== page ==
The scaled-down version of KCmenu II that was used as a Today screen in Xpod was often put down by users of KCmenu II since it was supposedly less functional than their full version of the product, and people were often talked into purchasing the full version of the software under the lure of skins and effects that could only be used in KCmenu II. This was accepted until BillyEvil posted a tutorial for how he modified one of these themes to work the same way in the scaled down Today screen version as it did in the full KCmenu II. This did not sit well with the strong supporters of KCmenu II and led to an incident where one of those supporters impersonated BillyEvil on the ABF website. This turned out to be the final straw and in an effort to avoid further issues, Goofather and BillyEvil left ABF to create their own website.

With the creation of Expod.net, it was quickly released that the next release of EpodMX would be titled Expod. This was both an attempt to show the cut ties to those involved in the EpodXP project, as well as to let people know that Expod was something different. EpodMX, Xpod, and EpodXP had always been based on the same compiled shell, but with Expod Goofather had been using tools directly from Microsoft in order to compile his own shell rather than editing the Epod shell. The following releases of Expod took the BE-300 to a higher level as each new release brought about increased compatibility with mips processor based pocket pc and windows ce software, as well as increases in memory due to the smaller foot prints of each release and more refined usage of the system memory as Goofather replaced a number of programs with better designs of his own making. Expod continued development as a freely distributed release with a professional quality support community up until the release of Expod Gold.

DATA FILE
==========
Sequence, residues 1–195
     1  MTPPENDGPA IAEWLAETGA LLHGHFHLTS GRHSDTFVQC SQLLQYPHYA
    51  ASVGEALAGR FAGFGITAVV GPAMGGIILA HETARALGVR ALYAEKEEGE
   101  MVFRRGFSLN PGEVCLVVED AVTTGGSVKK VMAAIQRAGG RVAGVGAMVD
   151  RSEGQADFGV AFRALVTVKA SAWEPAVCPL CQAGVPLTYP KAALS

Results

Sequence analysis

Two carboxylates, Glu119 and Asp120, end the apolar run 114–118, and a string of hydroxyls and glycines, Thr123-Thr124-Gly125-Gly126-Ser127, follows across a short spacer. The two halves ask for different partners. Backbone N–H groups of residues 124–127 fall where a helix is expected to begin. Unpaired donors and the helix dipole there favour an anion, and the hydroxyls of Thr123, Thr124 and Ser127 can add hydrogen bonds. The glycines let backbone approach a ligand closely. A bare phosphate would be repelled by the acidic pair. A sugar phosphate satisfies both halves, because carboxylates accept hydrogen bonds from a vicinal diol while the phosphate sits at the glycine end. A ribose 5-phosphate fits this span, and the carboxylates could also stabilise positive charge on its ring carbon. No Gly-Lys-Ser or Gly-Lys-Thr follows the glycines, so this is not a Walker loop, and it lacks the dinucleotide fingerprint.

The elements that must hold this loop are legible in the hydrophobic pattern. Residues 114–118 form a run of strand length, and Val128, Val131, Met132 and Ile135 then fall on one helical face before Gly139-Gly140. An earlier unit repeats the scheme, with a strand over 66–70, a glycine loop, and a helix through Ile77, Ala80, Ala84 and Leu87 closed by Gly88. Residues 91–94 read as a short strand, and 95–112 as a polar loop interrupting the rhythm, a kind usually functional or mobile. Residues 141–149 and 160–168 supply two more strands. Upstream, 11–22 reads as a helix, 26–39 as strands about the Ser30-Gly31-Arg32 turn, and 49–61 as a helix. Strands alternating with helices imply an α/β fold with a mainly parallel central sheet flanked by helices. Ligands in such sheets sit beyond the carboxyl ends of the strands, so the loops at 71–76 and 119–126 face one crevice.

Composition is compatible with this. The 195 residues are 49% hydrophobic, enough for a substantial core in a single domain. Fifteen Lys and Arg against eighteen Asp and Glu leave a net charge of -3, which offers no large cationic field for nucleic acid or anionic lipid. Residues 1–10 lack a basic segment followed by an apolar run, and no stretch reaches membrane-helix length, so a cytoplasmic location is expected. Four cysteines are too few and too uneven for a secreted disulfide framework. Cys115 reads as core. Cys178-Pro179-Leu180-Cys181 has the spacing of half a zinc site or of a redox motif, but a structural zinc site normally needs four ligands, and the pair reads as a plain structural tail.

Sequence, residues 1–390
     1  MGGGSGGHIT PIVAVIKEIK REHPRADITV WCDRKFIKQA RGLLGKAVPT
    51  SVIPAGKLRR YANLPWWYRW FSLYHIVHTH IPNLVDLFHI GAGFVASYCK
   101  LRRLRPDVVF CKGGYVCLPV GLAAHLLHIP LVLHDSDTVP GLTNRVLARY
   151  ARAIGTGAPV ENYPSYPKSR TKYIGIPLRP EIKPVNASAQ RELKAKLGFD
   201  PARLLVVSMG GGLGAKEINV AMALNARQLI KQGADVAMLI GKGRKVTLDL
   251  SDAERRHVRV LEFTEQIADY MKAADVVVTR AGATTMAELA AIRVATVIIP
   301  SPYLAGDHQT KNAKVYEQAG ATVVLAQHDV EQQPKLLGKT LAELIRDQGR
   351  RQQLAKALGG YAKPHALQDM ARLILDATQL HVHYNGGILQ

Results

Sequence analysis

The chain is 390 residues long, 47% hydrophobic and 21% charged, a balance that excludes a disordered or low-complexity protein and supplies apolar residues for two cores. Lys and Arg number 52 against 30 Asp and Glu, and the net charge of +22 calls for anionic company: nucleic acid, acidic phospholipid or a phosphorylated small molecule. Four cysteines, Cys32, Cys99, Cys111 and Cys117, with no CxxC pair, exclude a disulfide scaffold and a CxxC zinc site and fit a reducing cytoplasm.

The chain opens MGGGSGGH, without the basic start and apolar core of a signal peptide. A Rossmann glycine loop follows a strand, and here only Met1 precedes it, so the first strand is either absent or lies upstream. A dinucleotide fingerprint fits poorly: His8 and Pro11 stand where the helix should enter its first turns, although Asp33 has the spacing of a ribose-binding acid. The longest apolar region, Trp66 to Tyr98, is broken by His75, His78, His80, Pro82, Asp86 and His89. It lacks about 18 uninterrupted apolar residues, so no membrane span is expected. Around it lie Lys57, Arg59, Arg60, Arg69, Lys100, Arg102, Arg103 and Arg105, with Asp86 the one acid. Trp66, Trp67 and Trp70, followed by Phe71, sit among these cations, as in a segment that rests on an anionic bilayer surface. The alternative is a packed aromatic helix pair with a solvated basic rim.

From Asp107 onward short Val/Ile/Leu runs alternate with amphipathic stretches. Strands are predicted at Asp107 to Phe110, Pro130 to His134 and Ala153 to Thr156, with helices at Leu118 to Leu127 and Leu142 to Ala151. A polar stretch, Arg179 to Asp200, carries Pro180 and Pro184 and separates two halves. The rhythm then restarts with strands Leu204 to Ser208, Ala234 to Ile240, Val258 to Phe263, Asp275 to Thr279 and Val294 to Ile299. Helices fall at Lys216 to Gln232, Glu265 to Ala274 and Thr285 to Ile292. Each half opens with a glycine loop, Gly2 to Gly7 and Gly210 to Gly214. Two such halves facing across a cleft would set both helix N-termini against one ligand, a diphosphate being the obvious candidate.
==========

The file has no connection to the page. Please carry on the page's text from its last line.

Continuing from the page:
Expod Gold was a release of Expod which included a custom program Goofather had created known as PPX. This PPX allowed Expod's taskbar and desktop to be skinned easily by the user and was to be the starting point of a new interface that could be seen as a computer form of legos, where links and pages could be created with effects and modules that would allow the user to have their device be whatever they wanted. The introduction of PPX was in an effort to replace KCmenu as the Today screen application in Expod, and the original intention was to offer it to the community for free, as all the prior releases of software had been. All of this came to a halt after it was suspected that other groups were using resource hackers to dialogs and graphics in Expod in order to release it as their own. This method was done much the same as the initial methods used to get the original Epod Shell and modify other software to work on the BE-300, only this time it was suspected that they were being used to simply change the look of a Shell so that it could be released under a different name. Concerned that PPX would be repackaged and released in much the same way, Goofather removed Expod Gold and replaced it with Expod 6.1. He released PPX-lite for the BE-300, which users could now purchase and install on Expod 6.1 to achieve the effects of Expod Gold as well as other enhancements. A program known as PPXBar was released by Goofather as a free download, which allowed people to skin their taskbar in Expod 6.1.